Goodman Mountain is a short, easy hike for people of all ages and abilities that leads to an open summit and great view, renamed in 2002 for a civil rights activist with Tupper Lake roots
1.5 miles (3 miles round trip)
Tupper Lake, Franklin County
Goodman Mountain is a dynamic 3-mile round trip hike located in southern Franklin County, just south of Tupper Lake. The trail is entirely on public Forest Preserve lands, which are part of the Horseshoe Lake Wild Forest. The Goodman Mountain Trail parking area and trailhead are off of Route 30, just south of the intersection with State Route 421 that leads into the Bog River and Low’s Lake. The hike offers an easy stroll for just under 1 mile along a rare paved trail in the Forest Preserve on the old road that once joined Long Lake and Tupper Lake, before connecting to a foot trail for the final half-mile to reach the summit.
The hike starts by crossing a newly built bridge across a small stream just off the parking lot, a welcome spot at the end of the hike to catch a breath or get a quick rinse. The first mile of the hike is on the old road that once joined Long Lake and Tupper Lake and is still relatively well maintained and open, making for an accessible, relatively flat, initial part of the hike. After a little under a mile, the path turns left sharply up the first stone staircase onto a foot trail. Follow the red trail markers at this point.
The trail soon begins its first real ascent, navigating between a cluster of large boulders. Hikers will gently wind through a peaceful stretch of northern hardwood forest for about a quarter of a mile before rising again after the second stone staircase. Look for large sugar maples that occasionally part the tree canopy, illuminating the forest floor and offering a welcome bit of variation to the green mass above.
Midway through the final ascent after the second staircase, the trail wraps over a steep part of the mountain and offers glimpse of the view awaiting at the top. Sheer mossy cliffs run along the upslope side of the trail. After passing between two prominent twin hemlock trees, large boulders around the path offer interesting spots for a rest (or some bouldering) after the trail’s steepest climb.
Following a short final climb, sunlight begins to stream through the trees ahead as the trail emerges onto the summit. The view is vast for such a short hike, offering an overlook onto surrounding valleys and mountains, including nearby Coney Mountain, a perfect companion for a few solid hours of hiking. Goodman’s summit provides plenty of exposed rock for sitting, but on busy days hikers can take advantage of the small trails that trickle down the mountain’s face that lead to more secluded areas.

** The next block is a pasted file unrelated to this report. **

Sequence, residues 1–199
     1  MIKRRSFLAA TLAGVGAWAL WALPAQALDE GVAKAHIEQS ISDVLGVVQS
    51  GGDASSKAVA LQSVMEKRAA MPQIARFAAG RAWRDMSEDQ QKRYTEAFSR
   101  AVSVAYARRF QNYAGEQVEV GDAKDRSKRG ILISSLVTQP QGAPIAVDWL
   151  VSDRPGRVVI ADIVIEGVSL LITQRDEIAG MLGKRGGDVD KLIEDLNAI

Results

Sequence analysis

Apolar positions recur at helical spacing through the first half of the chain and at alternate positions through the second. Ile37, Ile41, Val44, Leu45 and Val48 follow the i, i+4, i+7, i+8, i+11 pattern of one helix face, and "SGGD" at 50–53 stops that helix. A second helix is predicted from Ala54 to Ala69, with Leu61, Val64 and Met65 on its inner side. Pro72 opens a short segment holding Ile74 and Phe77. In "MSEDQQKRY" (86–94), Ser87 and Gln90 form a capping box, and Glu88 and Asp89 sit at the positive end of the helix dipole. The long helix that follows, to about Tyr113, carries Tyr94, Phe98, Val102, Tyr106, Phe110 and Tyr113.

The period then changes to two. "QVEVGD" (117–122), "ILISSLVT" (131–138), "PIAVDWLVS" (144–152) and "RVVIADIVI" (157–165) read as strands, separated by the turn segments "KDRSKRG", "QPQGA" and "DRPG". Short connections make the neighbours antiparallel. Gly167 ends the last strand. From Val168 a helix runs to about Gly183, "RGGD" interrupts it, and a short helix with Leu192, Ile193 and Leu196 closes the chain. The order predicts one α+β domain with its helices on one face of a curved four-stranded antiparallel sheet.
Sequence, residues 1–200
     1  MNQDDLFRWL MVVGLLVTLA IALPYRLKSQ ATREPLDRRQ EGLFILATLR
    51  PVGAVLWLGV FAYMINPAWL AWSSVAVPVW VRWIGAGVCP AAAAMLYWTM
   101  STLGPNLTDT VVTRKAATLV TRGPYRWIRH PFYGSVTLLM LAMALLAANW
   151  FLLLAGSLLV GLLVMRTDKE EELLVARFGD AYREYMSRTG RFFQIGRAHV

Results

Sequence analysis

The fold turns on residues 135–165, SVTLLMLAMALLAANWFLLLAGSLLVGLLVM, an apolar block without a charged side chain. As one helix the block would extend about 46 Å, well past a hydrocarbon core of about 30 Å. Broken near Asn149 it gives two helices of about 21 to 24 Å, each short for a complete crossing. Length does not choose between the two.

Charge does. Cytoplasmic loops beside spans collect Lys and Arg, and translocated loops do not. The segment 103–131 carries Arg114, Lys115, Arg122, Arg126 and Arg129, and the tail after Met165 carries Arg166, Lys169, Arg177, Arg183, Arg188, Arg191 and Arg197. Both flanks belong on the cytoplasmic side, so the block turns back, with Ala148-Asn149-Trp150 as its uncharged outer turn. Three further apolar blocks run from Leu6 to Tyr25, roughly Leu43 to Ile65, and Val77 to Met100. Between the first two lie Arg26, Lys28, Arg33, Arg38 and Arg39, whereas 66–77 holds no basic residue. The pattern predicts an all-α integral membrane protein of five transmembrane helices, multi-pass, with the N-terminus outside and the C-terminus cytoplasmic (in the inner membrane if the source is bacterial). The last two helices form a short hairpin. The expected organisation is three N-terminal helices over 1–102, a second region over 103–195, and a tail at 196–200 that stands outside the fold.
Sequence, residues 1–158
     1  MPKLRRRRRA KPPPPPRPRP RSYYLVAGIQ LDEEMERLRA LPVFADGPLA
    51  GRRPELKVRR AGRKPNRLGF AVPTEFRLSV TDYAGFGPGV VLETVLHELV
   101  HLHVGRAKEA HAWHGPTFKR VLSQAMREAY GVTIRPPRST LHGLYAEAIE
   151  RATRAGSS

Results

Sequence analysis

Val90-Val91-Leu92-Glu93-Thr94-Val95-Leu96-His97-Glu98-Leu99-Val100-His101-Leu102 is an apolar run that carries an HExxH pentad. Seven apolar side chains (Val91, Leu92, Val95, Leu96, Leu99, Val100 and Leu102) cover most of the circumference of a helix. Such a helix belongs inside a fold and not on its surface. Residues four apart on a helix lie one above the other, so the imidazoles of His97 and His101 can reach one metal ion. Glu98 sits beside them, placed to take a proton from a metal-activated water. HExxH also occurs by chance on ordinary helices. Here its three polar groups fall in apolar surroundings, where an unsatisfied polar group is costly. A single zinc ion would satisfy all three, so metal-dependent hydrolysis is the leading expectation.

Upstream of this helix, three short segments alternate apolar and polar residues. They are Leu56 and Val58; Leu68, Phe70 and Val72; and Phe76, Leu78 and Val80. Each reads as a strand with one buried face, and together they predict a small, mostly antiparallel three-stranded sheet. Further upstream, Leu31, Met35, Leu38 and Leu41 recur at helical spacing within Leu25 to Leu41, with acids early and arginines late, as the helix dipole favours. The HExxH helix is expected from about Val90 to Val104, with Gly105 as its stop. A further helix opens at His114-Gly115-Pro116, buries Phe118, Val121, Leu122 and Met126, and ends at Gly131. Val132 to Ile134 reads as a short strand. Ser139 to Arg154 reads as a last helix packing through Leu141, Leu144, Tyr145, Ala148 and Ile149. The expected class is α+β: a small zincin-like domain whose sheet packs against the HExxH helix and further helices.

Goodman Mountain was renamed in 2002 to honor the memory of Andrew Goodman. In the summer of 1964, Goodman, a summer resident of Tupper Lake, traveled to Mississippi to help register Black voters. Goodman and two other civil rights workers, including James Chaney, a Black Mississippi native, and Michael Schwerner of New York City, were murdered by the Ku Klux Klan and the Neshoba County Sheriff’s Department. Chaney alone was brutally beaten and shot multiple times. Goodman’s remembrance on the mountain urges hiker’s to reflect on the history of racism in the outdoors, the historical links between police forces and racism, and the countless Black activists and peoples whose memories do not have the privilege of living on publicly.
The return trip for the hike out is the same as the hike in. This is an easy and rewarding hike, accessible for anyone who is comfortable with and able to walk the full 3 miles round trip.
Click here to download a map and trail directions for Goodman Mountain
When You Hike Practice Leave No Trace to Be Prepared and Protect the Forest Preserve
Please follow “carry in, carry out” rules for all trash and follow other Leave No Trace principles when hiking in the public Forest Preserve and other wild areas. The seven Leave No Trace principles are: 1) Plan ahead and prepare ; 2) Stay on hiking trails and camp at designated areas; 3) Dispose of human waste and trash properly; 4) Leave what you find; 5) Minimize campfires; 6) Respect wildlife; 7) Respect other hikers.
Educated hikers do not damage the environment. Prepared hikers do not need search and rescue unless injured.
Winter Use: Goodman Mountain is used for snowshoeing in the winter.